By Elisabeth Goodman, 9th November 2017
Current approaches to management put emphasis on identifying and developing our strengths. And rightly so. Our individual strengths give us the opportunity to make significant contributions in our home and work lives. The diversity of strengths within a team contribute to the success of organisations.
Personality tools such as Belbin Team Roles, MBTI (Myers Briggs Type Indicator) and others likewise put an emphasis on understanding and developing our strengths.
However, we also have a “dark side” to our personalities!
In Belbin language these are our “allowable weaknesses”, in MBTI language it is our “blind spots”. The Hogan Development Survey (HDS), described by Tomas Chamorro-Premuzic in the September-October 2017 issue of Harvard Business Review (see note 1 below), focuses entirely on eleven of these “dark side” traits.
From weaknesses and blind spots to the dark side…
The HDS survey is based on the work of Robert and Joyce Hogan, two psychologists who, about 20 years ago, identified aspects of personality that, if unchecked, can derail interactions at work, individual careers, and the effectiveness of teams and organisations.
The eleven traits are categorised under three headings:
- Distancing traits – ones that push people away by making it hard to build trust
- Seductive traits – ones that pull people in but, if overdone, can then have negative or destructive consequences
- Ingratiating traits – that can impress others, but result in self-harm through being too submissive
It can be difficult to know where to focus our attention with so many personality tools out there. The HDS traits have some echoes of the Belbin Type Roles and their “allowable weaknesses”, and of the MBTI personality types and the “blind spots” that people might experience.
But the most important take-home lessons from all of this are probably to:
- Be aware of when the “dark side” of your strengths may be having a negative impact on yourself or on others
- Develop some strategies for minimising these negative effects
Strategies for minimising the negative effects of our “dark side”
The Harvard Business Review article references a few strategies which could apply to any definition of personality weaknesses.
The first thing is to be aware of our actual or potential negative traits and the impact it may be having on others.
Resources available to us are:
- Reflection on situations that did not work out as well as we would have liked and whether our own behaviour triggered that
- Ad-hoc feedback from others
- More formal feedback e.g.
- 360 degree questionnaires
- Observer input available through Belbin questionnaires
- The HDS survey
The MBTI personality type descriptions also provide a rich source of information about some negative characteristics that might emerge when we are feeling mildly stressed or severely so (“in the grip”).
All of these are ways to build your emotional intelligence (self and social awareness) about yourself and your interactions with others.
Identify and practise some new strategies to help you deal with your “dark side”
As with all endeavours to do something new or different, it’s a good idea to start small and build from there.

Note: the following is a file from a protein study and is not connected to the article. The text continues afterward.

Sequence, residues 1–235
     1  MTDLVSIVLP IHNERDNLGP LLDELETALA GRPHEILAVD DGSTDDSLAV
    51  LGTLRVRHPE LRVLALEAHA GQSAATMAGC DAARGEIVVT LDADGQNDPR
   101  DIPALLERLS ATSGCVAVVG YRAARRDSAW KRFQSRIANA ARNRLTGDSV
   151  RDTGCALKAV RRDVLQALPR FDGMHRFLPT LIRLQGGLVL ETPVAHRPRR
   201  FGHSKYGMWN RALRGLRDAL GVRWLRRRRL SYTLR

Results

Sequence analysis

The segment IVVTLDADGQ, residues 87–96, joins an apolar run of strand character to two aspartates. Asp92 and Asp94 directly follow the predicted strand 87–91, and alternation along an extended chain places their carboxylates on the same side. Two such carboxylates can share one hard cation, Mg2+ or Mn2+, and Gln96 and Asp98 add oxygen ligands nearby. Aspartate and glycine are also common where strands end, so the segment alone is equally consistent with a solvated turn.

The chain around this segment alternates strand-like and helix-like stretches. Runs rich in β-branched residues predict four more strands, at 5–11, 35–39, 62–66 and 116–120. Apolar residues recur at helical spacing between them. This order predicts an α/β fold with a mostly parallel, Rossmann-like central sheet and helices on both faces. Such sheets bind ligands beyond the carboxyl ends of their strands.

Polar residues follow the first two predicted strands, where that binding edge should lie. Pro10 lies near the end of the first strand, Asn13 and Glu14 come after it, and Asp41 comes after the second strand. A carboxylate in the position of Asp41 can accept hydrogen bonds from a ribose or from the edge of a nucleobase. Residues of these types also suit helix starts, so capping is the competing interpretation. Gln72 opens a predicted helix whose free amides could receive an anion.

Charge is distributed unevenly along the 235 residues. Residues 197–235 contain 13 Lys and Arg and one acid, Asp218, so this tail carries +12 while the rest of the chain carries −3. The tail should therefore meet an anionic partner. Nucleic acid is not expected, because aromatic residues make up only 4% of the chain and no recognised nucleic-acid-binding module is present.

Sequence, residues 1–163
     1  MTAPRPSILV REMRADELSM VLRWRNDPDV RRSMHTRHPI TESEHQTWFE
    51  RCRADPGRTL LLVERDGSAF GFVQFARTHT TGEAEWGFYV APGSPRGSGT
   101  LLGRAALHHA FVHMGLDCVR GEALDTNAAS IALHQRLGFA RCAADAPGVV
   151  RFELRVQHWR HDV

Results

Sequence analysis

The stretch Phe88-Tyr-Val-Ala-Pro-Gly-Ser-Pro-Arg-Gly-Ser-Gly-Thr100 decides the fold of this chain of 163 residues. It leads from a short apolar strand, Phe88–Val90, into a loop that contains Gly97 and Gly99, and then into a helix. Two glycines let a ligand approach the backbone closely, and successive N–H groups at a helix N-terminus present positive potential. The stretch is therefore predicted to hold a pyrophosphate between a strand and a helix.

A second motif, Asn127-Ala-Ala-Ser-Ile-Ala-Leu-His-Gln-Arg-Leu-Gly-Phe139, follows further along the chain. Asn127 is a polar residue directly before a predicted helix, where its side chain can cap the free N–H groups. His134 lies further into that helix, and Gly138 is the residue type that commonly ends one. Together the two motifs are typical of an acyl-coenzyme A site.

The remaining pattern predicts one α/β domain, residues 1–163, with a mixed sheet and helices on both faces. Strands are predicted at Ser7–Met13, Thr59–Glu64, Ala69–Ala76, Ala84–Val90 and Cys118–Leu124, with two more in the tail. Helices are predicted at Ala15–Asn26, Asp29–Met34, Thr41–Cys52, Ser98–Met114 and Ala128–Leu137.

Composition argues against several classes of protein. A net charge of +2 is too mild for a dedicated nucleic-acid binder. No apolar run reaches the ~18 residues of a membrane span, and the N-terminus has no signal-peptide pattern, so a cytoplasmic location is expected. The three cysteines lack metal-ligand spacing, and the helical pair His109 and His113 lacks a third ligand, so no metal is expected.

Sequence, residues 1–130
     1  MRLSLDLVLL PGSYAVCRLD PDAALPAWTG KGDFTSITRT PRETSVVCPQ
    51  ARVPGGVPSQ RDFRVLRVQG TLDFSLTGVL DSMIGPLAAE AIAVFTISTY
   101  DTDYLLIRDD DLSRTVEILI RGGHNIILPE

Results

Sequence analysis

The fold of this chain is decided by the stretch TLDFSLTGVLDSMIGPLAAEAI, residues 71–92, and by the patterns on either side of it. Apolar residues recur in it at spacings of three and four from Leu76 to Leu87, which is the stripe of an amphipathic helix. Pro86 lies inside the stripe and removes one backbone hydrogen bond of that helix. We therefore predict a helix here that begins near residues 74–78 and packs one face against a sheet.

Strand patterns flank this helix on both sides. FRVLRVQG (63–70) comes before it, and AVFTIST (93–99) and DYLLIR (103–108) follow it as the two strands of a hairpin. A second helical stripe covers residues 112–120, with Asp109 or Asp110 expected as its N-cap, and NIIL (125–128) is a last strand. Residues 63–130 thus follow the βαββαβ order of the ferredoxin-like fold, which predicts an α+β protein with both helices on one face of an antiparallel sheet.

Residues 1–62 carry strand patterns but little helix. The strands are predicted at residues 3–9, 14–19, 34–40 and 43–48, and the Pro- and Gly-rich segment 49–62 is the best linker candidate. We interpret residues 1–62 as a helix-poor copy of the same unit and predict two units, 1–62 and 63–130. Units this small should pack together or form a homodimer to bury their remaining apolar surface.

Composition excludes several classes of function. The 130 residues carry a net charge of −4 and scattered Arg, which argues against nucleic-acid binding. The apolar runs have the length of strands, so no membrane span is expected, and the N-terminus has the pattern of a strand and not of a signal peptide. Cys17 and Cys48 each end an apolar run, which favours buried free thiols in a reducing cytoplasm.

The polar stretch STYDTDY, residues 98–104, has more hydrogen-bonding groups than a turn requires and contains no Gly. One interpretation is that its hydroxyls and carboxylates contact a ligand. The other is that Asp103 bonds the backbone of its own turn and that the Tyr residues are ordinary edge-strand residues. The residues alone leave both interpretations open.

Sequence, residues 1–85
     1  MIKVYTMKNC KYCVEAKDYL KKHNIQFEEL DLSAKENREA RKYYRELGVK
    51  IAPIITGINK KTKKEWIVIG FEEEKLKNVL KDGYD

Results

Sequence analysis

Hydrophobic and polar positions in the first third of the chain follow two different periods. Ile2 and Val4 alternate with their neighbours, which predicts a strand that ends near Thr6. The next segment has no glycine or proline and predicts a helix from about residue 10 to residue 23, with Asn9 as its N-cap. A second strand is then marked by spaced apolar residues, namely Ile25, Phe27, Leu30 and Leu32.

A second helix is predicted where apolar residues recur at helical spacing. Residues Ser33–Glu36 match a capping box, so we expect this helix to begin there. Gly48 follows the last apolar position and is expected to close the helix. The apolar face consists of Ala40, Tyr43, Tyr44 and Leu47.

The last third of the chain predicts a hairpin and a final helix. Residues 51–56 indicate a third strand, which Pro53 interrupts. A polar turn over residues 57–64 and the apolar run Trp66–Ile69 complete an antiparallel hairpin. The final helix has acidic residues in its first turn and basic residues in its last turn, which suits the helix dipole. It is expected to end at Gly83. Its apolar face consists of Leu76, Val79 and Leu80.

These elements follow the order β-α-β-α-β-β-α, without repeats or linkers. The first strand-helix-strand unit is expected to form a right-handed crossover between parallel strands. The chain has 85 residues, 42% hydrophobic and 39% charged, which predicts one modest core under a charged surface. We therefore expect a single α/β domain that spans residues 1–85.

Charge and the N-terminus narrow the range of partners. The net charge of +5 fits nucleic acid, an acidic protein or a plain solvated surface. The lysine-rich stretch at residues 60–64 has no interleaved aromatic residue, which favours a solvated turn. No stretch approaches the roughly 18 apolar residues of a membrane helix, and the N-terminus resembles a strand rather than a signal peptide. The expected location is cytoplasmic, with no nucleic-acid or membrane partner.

Pick something you feel most motivated to do something about, and something you can relatively easily put in place.
So, for example, using some of the words above, if you have a tendency to:
- Be overly sceptical (an HDS trait, the allowable weakness of a “Monitor Evaluator” in Belbin Team Roles and a characteristic of MBTI “extraverted thinking” types). The impact of that on others is that they may feel discouraged or defensive about sharing ideas with you. You may want to choose an area of your work, or a specific occasion, to deliberately demonstrate greater openness to others’ views.
- Lose touch with reality (Belbin “Plant”, HDS “Imaginative” trait), MBTI “extraverted intuition”). The impact of that on others is that they may get impatient with you, or not pay attention to you. You could identify a typical situation when this might happen, perhaps a weekly team meeting, and focus on demonstrating greater collaboration with others.
You could also ask a helpful colleague or friend to alert you when they see you demonstrating one of your negative traits, and support you in whatever corrective action (“self-management” or “relationship management” in emotional intelligence terms) you’ve identified.
Don’t be shy about asking for help from others
There are a few suggestions above about how feedback and support from others could help you detect and address your “dark side”.
Coaching is also an option. The MBTI coaching and emotional intelligence resources are rich with tips on how to deal with “blind spots” and developmental challenges associated with the MBTI Types.
- Tomas Chamorro-Premuzic. Could you personality derail your career? Harvard Business Review, September-October 2017, pp.138-141
- About the author. Elisabeth Goodman is the Owner and Principal Consultant at RiverRhee Consulting., a consultancy that specialises in “creating exceptional managers and teams”, with a focus on the Life Sciences. (We support our clients through courses, workshops and personal one-to-one coaching.) Elisabeth founded RiverRhee Consulting in 2009, and prior to that had 25+ years’ experience in the Pharmaceutical Industry in line management and internal training and consultancy roles supporting Information Management and other business teams on a global basis. RiverRhee is a support supplier for One Nucleus and a CPD provider for CILIP (Chartered Institute for Library and Information Professionals).Elisabeth is accredited in Change Management, in Lean Sigma, in Belbin Team Roles, MBTI (Myers Briggs Type Indicator) and is an NLP (NeuroLinguistic Programming) Practitioner.
She is a member of CILIP and of APM (Association for Project Management) where she was a founding member of the Enabling Change SIG.